Hilder says TAC filed the state court petition against Anthony Chiofalo seeking a temporary restraining order "to prevent the dissipation of the assets. . . ."
In that June 2012 petition, TAC brought fraud, conversion and breach of fiduciary duty causes of action against Anthony Chiofalo and alleged he violated the Texas Theft Liability Act. He has not filed an answer. The company seeks more than $8 million in actual damages and unspecified punitive damages from him.
In June 2012, 281st District Judge Sylvia A. Matthews signed a TRO, and in July 2012, she signed a temporary injunction.
On Nov. 9, 2012, she signed an order granting an interlocutory default judgment against Anthony Chiofalo on liability in Tadano America Corp. v. Anthony Chiofalo, but she wrote in her order that TAC may request a hearing on damages.
The complaints the DA's office filed against Chiofalo and his wife allege Anthony Chiofalo started work at TAC in Houston on Jan. 20, 2009, as head of legal affairs and human resources and in that role he was responsible for managing TAC's litigation. In April 2011, the complaints allege, he created a "fictitious law firm" called Maio & Cardenas LLC and filed documents with the Texas secretary of state that listed him as the registered agent and managing member. [See: "Internal Probe Prompts Criminal Charge Against In-Houser," Texas Lawyer, June 18, 2012, page 1.]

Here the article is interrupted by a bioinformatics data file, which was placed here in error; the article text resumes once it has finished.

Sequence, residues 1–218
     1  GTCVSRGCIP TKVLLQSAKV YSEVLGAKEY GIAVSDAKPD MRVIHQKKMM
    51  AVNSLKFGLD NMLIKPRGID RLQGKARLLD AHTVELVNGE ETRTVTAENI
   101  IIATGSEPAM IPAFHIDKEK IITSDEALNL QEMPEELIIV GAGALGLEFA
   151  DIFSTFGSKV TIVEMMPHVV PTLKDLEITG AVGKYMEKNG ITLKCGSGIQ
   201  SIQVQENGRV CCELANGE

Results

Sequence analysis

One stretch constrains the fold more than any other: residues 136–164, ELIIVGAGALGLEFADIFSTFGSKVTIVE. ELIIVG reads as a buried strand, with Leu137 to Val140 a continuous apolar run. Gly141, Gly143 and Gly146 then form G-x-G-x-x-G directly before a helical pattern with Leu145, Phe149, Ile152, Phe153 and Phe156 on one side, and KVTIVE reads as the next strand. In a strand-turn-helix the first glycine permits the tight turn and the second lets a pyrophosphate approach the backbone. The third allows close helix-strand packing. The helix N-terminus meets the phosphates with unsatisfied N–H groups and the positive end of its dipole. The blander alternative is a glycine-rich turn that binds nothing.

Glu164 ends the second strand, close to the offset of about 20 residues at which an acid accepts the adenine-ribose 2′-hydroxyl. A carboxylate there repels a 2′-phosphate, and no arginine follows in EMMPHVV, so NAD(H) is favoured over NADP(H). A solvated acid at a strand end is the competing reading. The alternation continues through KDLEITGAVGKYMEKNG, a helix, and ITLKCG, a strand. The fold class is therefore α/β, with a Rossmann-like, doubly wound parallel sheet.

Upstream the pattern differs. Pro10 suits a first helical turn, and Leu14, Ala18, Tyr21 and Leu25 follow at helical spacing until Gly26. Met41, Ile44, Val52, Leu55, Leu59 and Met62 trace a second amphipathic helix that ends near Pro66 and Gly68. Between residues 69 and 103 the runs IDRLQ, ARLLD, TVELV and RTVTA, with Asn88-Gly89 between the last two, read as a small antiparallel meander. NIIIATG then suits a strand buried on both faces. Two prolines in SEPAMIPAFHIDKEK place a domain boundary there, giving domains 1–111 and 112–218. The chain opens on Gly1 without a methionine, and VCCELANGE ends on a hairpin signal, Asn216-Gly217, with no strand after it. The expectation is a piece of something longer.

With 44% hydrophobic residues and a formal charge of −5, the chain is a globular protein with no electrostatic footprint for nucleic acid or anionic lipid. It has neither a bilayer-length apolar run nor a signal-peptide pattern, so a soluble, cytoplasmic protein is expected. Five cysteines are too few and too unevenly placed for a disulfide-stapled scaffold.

The complaints allege that from May 6, 2011, through May 11, 2012, Anthony Chiofalo "caused a series of checks made payable to Maio & Cardenas LLC to be issued by TAC" and those "unauthorized checks" totaled $9,329,546.81.
According to the complaints, he used $1,888,777.94 of the money to buy several items from Heritage Auctions from Feb. 7, 2012, to April 5, 2012, including "numerous paintings, sculptures, artwork, photographs, collectables, comic books, [and] memorabilia." Those purchases were delivered to him at a storage unit facility in Spring on April 27, 2012, the complaints allege.
On Aug. 27, 2012, Jackson signed an order authoring the seizure of items from several storage units the order describes as controlled by Chiafalo and his wife and awarded the items to TAC as "partial restitution." The order includes an 84-page exhibit list of items to be seized.
"We're still pursuing leads," says Hilder, of Hilder & Associates of Houston.
Martina Longoria, an assistant DA in Harris County who is prosecuting the Chiofalos, says she cannot put an estimate on the value of the items that have been recovered.